While Cambodia’s tourism industry is booming, the legacy of Pol Pot's regime still remains in many forms, the most deadly of which are the thousands of landmines still buried in the Cambodian countryside. A new art exhibition that opened Thursday in Phnom Penh showcases the work of 10 Cambodian artists who address the impact of landmines on Cambodia’s past and future.
IMPACT is a celebration of the significant developments in Cambodian mine action since mine clearance activities began in the early 1990s. Ten Cambodian artists were engaged to create artworks portraying these issues after visiting two of Cambodia’s most mine-affected provinces, Battambang and Banteay Meanchey. Four young landmine survivors also collaborated to create a work of art representing both their past experiences and their hopes for the future.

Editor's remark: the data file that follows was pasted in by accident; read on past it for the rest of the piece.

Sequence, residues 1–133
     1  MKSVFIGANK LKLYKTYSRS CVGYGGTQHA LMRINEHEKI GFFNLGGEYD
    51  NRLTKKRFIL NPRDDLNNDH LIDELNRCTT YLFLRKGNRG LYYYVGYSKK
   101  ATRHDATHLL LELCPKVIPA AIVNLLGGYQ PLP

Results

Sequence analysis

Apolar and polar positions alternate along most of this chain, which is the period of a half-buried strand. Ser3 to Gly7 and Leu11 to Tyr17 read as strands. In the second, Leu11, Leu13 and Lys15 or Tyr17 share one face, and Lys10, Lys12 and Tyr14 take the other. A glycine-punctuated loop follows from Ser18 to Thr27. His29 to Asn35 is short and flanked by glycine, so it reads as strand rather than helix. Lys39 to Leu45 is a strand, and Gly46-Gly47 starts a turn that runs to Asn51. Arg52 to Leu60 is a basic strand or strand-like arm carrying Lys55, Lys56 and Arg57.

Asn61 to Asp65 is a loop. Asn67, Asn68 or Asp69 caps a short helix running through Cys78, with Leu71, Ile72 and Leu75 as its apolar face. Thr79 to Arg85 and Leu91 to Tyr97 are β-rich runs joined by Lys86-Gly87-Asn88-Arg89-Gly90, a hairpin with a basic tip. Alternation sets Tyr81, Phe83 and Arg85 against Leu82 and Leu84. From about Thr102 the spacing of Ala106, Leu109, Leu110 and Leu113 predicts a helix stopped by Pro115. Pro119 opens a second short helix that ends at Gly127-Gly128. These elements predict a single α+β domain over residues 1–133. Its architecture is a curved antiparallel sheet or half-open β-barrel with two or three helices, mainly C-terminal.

Art works consist of sculptures made out of free-from-explosives landmines, paintings, and installations.
The exhibit will be open to the public from 1 October to 10 October (8 am to 6 pm, closed Sundays) before travleling to Cartagena, Colombia, to be shown at the Second Review Conference of the Anti-Personnel Mine Ban Treaty.
IMPACT is at Bophana Audiovisual Resource Center, 64 street 200, Okhna Mén, Phnom Penh, Cambodia.
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